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US jobs growth in October falls short of forecasts

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US employers added 261,000 jobs in October, a solid gain that nevertheless fell short of expectations.

Analysts had expected a sharp increase in hiring, after hurricanes Irma and Harvey depressed payroll growth in September.

Wage growth was also slower than expected, while the number of people not in the labour force rose.

That helped drive the US jobless rate down to 4.1% in October, the lowest rate since 2000.

The US Department of Labor said employment in the food and drink industries had “increased sharply” and had mostly offset a decline in those areas in September when hurricanes devastated areas of Florida and Texas.

Job numbers for September were revised up to a gain of 18,000 after initial estimates suggested that employment fell by 33,000.

JJ Kinahan, chief market strategist at TD Ameritrade, said that “there was a lot to like” in the report, pointing to an increase in jobs in industries such as manufacturing and professional and business services.

But economists were cautious, saying it is hard to tease out the effects of hurricane-related activity.

‘Where is the wage growth?’

The US economy has expanded steadily in recent months, with GDP growing an estimated 3% in the most recent quarter.

At the same time, job growth has slowly decelerated, with the hurricanes sharpening the effect.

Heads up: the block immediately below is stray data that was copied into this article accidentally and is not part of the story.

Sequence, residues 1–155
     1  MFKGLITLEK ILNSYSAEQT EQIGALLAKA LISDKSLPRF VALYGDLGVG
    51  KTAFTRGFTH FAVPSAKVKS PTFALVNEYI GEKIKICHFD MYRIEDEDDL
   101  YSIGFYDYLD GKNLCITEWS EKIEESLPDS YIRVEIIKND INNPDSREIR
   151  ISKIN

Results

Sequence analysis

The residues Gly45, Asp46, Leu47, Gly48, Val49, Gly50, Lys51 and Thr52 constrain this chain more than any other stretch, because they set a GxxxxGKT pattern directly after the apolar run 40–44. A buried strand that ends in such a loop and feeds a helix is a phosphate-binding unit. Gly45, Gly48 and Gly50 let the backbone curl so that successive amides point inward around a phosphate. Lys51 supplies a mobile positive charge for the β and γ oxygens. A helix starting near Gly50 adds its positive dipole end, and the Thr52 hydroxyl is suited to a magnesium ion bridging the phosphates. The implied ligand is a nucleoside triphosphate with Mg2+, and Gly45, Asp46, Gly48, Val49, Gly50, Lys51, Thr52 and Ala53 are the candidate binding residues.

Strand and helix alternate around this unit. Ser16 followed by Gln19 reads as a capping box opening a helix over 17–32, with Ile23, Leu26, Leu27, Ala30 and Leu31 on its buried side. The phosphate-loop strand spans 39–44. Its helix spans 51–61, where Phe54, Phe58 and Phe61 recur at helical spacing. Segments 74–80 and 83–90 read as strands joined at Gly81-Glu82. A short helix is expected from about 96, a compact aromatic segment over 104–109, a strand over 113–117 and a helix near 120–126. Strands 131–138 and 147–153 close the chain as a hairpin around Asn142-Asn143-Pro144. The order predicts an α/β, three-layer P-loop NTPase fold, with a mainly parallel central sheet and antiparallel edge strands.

Economists said the earlier pace of hiring would be hard to sustain as the supply of people looking for jobs shrank.

But they have been puzzled that wage growth is not stronger, as employers pay more to recruit staff.

“Again it’s a case of strong jobs growth but where is the wage growth?” said Neil Wilson, senior market analyst at ETX Capital.

The Labor Department said average hourly earnings for private sector employees were $26.53, nearly unchanged over the month. Earnings were up 2.4% year-on-year.

Economist Jared Bernstein, former adviser to vice president Joe Biden, said the figures are a sign there is room for unemployment to fall farther.

Others said the large hurricane-related swing in food and hospitality jobs – typically lower paid fields – might be affecting the numbers.

“Let’s come back next month and see how wages might have evened out after the hurricane impacts,” Mr Kinahan wrote.

Although October’s figures fell short of forecasts, Mr Wilson and others said the report does not alter expectations that the US Federal Reserve will raise interest rates in December.

But he added: “Of concern for the Fed is that wage growth has stalled and this raises doubts about the pace of inflation growth…. Without wages going up the Fed is going to struggle to achieve its inflation target.”

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